Make a Month of Baby Food

How to serve purees to your baby

Feeding baby

Alexandra Grablewski

Rework frozen ones. Meat and poultry may get chunkier after freezing, making them a choking hazard. After thawing, blend once more for a smooth texture. Certain veggies, such as potatoes and squash, can become watery after they've been frozen. Add a teaspoon of plain, full-fat yogurt if the puree is too thin when thawed. And don't worry if you see what appears to be freezer burn on the top of a frozen puree; it's harmless water crystals.

Check taste. If you added spice to a puree, try a spoonful, and if it seems too flavorful, add a dollop of plain, full-fat yogurt to bring down the heat.

Start with a little. A filling baby meal can be just 2 to 4 tablespoons, says Eileen Behan, R.D., author of The Baby Food Bible. That's not much! To prevent waste, dole out a small amount of puree into a separate dish and throw out what Baby doesn't finish. If you feed him directly from the container, the bacteria from the spoon can contaminate the food when it's stored again.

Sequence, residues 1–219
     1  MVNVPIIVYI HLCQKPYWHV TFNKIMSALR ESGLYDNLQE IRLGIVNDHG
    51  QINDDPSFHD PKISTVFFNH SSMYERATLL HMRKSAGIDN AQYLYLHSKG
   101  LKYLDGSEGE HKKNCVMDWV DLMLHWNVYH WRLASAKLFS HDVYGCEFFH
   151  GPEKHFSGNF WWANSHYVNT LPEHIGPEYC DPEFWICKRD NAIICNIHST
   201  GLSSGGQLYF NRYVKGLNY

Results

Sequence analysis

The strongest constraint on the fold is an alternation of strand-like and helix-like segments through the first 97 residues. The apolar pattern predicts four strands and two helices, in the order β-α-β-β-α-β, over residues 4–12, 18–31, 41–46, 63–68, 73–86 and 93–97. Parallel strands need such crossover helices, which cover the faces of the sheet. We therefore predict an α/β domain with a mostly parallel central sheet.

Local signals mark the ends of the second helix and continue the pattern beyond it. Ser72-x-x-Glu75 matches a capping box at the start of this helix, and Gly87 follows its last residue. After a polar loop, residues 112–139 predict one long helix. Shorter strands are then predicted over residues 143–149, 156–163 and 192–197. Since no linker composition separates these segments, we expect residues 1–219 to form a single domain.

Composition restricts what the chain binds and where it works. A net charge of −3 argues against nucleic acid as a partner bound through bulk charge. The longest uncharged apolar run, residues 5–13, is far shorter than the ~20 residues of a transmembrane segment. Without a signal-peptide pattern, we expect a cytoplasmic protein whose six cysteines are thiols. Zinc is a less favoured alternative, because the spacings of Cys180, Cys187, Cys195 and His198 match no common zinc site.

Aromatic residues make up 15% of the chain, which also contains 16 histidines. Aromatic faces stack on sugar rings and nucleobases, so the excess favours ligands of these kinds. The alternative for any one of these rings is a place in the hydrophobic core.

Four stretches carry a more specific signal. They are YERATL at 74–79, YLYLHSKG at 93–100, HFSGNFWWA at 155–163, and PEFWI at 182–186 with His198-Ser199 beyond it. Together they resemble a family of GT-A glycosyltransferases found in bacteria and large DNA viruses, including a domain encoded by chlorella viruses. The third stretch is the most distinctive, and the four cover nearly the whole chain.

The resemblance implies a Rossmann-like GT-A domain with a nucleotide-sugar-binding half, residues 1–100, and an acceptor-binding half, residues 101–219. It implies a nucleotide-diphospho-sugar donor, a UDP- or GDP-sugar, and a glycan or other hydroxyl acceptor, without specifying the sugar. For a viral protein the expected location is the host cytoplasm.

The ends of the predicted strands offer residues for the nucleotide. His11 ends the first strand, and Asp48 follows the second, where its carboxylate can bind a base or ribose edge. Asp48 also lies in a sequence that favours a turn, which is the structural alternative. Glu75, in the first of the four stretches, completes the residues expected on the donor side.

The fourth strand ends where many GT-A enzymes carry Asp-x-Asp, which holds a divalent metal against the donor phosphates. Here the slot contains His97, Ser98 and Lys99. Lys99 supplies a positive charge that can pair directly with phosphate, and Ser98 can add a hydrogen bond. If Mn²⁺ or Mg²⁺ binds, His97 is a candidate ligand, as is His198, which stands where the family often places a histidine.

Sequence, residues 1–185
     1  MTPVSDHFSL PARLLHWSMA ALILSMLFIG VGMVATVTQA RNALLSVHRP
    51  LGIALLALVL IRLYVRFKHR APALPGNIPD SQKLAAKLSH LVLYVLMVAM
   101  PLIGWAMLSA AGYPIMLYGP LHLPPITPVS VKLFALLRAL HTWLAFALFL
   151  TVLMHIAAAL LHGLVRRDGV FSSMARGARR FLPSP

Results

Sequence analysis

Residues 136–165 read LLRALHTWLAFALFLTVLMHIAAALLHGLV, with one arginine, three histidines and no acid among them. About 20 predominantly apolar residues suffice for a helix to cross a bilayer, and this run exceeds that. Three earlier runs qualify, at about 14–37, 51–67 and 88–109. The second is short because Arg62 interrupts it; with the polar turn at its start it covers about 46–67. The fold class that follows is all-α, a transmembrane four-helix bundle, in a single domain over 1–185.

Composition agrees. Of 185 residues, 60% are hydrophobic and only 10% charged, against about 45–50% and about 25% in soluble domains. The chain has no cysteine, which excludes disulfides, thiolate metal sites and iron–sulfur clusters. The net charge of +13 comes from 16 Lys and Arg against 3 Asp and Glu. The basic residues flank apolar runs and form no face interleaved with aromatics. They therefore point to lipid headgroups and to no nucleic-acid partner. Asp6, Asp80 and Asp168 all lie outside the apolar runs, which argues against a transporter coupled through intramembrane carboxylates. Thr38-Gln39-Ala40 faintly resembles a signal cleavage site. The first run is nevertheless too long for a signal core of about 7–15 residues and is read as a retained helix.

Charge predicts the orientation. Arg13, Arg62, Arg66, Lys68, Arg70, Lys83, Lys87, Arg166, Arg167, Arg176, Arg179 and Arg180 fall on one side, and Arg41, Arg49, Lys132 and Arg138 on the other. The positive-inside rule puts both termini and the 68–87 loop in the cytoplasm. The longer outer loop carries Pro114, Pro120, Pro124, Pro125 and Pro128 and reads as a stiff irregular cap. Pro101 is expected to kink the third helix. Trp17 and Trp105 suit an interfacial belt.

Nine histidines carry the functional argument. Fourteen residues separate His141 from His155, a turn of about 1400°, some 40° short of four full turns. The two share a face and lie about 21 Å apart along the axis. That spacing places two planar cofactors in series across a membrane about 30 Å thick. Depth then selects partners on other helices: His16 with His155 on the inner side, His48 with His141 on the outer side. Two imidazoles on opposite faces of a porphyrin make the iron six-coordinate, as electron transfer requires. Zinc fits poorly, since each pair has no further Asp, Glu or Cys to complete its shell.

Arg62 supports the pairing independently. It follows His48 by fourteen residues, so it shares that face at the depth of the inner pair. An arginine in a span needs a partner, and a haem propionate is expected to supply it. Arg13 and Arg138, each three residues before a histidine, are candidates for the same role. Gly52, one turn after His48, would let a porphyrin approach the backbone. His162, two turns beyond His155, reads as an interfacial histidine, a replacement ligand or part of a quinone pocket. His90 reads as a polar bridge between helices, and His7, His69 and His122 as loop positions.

Warm it up. To bring a puree to room temperature, microwave for a few seconds, says Annabel Karmel, author of Top 100 Baby Purees. Stir before feeding to your child to make sure there are no hot spots.

The key to safe food

Homemade purees made from certain vegetables, such as carrots and spinach, can contain nitrates, compounds that aren't harmful to children and adults but can be to newborns. "As long as your baby doesn't start eating solids before about 6 months of age, making these pureed vegetables for him is safe," says Jennifer Shu, M.D., coauthor of Heading Home With Your Newborn. Talk to your pediatrician about any concerns.

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